By Kevin Duke

The Bulletin


David Lebeck 67-69-71 — 207

Brian Thornton 68-72-69 — 209

Derek Barron 68-66-76 — 210

Casey King 71-74-68 — 213

Ryan Malby 70-73-72 — 215

Jesse Heinly, Bend 68-75-73 — 216

Matt Epstein 72-74-71 — 217

Ryan Books 74-69-74 — 217

Shane Prante 68-74-76 — 218

Ryan Benzel 71-74-73 — 218

Sandy Vaughan 74-72-72 — 218

Hogan Arey 72-71-75 — 218

Jake Koppenberg 68-73-77 — 218

SUNRIVER — David LeBeck had a goal in mind for the final day of the Oregon Open Invitational, after finishing the second round two shots back of leader Derek Barron.

“I hope to make it as boring a round as possible,” LeBeck, from Astoria Golf and Country Club in Warrenton, said Wednesday night.

He accomplished his goal.

Tied with second-round leader and defending champion Derek Barron coming off the 11th green at Crosswater Club on Thursday, LeBeck kept it in the fairway and hit greens over the next five holes, playing that stretch at 1 under par — while Barron suddenly struggled to do the same — and the Oregon pro pulled away for an eventual two-shot win.

First as a pro

It was LeBeck’s first Open since his playing days as an amateur and he made the most of it, taking home a $7,000 winner’s check for his three-day total of 9-under-par 207.

“I wanted to go out, hit some fairways and hit some greens and maybe make a couple of putts and see what happens,” LeBeck said after the trophy presentation.

He knew he was in the lead coming down 18, but after a missed putt for par on 17, he was not certain of the margin.

“I hadn’t really seen the scoreboard, so I wasn’t sure,” he said.

An inconsequential bogey on the last was enough to give him the win.

“I played really solid out there and was happy with the way I played,” he said. “The shot I hit into 18 was pure, I told my caddie that I didn’t care where it went, I had hit it really solid. It went over the green a little bit, but at that point I knew I had a little cushion, so I was OK with that.”

Second-place finisher Brian Thornton, champion of the Oregon Open in 2012, agreed with LeBeck’s assessment of his play.

“He definitely did play boring today,” said Thornton, from Meridian Valley Country Club in Kent, Washington.

“It’s funny how we say that. Because we know when good shots come off and they are quality shots, it’s not boring to hit a shot like that,” he said. “But at the end of the day if it sounds boring, that would be a good thing.”

Tough stretch

Barron’s troubles began on the 12th tee when he pulled his tee shot by about 2 yards, and ended up in the hazard to the left of the fairway.

Having to drop some 150 yards back to where the ball crossed the hazard, the Tacoma, Washington, pro managed to get on the green in four, but he would three-putt from there for a costly double bogey.

LeBeck’s routine par from just off the fringe put him up by two.

Bogeys on three of the next four holes by Barron, after he missed the greens on holes 13 and 15 and was unable to get it up and down — and his chances for the championship were over.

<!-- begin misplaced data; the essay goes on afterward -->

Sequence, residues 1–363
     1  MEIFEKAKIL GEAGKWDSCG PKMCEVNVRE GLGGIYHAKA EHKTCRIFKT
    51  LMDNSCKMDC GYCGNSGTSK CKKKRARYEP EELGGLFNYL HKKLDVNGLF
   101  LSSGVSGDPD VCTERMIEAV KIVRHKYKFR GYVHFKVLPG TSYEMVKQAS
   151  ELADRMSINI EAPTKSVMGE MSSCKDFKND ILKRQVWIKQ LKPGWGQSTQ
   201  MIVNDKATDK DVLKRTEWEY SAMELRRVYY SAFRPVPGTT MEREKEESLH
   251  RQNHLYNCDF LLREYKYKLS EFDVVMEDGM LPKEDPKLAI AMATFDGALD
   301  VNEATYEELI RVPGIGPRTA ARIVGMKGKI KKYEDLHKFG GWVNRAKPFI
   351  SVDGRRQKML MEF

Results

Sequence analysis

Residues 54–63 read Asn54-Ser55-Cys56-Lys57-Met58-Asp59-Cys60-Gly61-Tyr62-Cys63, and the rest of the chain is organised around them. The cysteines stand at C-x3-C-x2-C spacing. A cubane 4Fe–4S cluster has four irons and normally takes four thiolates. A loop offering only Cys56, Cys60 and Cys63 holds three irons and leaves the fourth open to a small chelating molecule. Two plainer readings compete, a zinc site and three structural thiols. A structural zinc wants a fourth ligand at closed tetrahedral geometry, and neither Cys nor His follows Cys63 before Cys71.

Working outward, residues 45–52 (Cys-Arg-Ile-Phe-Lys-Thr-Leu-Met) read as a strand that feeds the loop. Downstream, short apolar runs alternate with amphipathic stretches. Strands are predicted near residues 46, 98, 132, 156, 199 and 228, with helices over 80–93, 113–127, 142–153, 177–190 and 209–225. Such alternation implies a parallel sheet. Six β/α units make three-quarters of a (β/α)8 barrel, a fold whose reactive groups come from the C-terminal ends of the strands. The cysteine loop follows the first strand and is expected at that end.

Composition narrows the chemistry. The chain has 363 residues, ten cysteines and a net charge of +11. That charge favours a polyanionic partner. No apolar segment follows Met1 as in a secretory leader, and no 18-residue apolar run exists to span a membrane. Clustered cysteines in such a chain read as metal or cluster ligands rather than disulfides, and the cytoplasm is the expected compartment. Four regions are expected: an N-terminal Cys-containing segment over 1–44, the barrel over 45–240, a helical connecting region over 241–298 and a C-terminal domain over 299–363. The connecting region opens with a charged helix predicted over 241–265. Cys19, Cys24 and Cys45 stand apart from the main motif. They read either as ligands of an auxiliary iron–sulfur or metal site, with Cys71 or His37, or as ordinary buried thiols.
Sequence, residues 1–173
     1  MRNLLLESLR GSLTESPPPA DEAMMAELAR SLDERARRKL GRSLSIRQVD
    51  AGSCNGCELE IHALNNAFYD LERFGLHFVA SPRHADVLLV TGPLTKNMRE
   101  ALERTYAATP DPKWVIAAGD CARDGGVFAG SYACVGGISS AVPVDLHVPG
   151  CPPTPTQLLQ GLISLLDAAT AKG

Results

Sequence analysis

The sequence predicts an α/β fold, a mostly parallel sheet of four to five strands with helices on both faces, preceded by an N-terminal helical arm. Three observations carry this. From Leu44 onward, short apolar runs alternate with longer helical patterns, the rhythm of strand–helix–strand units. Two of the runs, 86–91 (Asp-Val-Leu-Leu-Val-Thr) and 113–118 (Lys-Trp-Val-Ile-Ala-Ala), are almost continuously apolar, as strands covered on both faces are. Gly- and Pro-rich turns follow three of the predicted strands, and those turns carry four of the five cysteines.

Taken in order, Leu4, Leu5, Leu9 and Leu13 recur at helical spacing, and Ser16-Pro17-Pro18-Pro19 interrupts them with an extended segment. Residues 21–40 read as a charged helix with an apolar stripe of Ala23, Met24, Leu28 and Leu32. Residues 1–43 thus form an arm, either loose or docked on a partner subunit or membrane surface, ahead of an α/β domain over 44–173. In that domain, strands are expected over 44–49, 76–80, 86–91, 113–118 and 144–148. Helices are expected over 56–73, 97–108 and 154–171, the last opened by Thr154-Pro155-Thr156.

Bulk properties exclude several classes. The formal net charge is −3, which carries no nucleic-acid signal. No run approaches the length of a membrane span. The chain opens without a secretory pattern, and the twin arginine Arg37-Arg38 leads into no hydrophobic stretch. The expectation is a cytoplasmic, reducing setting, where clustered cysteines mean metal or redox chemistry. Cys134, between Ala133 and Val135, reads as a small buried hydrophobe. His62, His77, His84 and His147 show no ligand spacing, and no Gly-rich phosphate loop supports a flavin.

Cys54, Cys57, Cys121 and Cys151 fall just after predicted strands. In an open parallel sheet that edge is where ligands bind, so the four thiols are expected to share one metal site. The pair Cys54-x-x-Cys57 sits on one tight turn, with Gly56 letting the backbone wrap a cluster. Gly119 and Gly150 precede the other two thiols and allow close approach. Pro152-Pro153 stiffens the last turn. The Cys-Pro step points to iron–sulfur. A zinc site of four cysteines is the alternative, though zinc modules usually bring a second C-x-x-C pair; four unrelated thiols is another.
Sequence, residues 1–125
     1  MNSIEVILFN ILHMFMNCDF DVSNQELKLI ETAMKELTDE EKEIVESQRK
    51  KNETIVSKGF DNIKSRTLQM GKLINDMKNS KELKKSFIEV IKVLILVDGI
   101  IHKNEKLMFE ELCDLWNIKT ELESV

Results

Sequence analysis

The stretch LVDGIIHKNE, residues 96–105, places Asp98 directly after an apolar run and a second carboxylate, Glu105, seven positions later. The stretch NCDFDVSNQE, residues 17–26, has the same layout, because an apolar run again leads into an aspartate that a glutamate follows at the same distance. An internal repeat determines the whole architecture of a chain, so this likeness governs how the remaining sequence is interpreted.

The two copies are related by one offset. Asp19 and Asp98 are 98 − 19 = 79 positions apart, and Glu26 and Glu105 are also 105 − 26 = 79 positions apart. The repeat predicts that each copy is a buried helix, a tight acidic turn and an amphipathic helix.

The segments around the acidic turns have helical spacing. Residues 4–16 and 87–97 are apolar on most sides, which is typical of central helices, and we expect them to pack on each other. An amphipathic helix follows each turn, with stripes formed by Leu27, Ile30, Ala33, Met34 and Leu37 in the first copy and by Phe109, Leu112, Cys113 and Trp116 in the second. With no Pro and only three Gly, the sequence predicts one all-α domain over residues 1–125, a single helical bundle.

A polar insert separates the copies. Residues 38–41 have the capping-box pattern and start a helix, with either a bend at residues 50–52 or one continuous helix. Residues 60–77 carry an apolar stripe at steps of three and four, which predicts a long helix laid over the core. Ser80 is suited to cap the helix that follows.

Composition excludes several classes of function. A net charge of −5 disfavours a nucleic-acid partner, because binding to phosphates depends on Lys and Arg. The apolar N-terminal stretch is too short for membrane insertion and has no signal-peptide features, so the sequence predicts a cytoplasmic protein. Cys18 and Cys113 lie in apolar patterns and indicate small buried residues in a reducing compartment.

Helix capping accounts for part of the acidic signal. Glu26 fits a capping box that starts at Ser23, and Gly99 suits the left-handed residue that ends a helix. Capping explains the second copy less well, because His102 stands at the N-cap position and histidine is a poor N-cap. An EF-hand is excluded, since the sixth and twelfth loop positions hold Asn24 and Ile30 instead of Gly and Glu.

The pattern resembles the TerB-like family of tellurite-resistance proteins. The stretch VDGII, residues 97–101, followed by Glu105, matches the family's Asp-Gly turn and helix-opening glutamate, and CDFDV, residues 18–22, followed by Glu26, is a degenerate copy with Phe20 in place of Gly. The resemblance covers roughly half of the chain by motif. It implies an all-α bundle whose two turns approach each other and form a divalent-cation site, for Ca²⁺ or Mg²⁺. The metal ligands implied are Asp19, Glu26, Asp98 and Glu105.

The 5-over stretch opened the door for Thornton, who fired a final-round 69 with seven birdies to overtake Barron for second place and take home $4,550.

“I did not think Barron would come back to me, but it’s easy to do, especially when you’re vying for a big championship,” Thornton said. “I’ve been on both sides of that thing.”

Thornton was happy with his ball striking on the back nine, where his three birdies could have easily been four or five.

“I started hitting it pretty good on the back, but I had two iffy swings that cost me two shots,” he said. “Obviously, golf is golf so you don’t know, but I had enough firepower today with the seven birdies, I just didn’t have the defense.

“If I could have managed a couple of more par saves that would have been nice.”

He trailed the two leaders by five shots after No. 11, so he was not considering that he might have a shot at winning the tournament.

“I honestly wasn’t thinking about winning this thing — even coming into the last hole I wasn’t thinking about that,” he said.

“LeBeck was playing so good, everything was in play and he was never out of position, but I was happy with the little charge I made.”

Barron held on for third at 6-under-par 210 and took home $3,200.

What will the winner do with his share of the purse?

“You’ll have to ask the wife,” he said.

Low amateur

Bend’s Jesse Heinly shot 2 under on the front nine before finishing with 1-over round of 73, good enough for a three-day total of even-par 216 — and won the low amateur trophy in the process.

The total was good enough for sixth place overall, and he edged Wenatchee (Washington) Golf and Country Club amateur Ryan Books by one shot for the amateur title.

“It was good, I like this course a lot and feel comfortable here,” Heinly said. “I wasn’t terribly happy with my performance, but at least I hung in there on the back nine today and did not totally throw it away.”

Other top Central Oregon finishers included Tetherow professional Chris Van der Velde and amateur Justin Kadin (+5, 221), Black Butte Ranch pro George Mack Jr. and Juniper amateur Jared Lambert (+6, 222), Broken Top pro Josh Hanson (+7, 223), and Meadow Lakes pro Zach Lampert and River’s Edge amateur Dylan Cramer (+9, 225).

— Reporter: 541-617-7868, .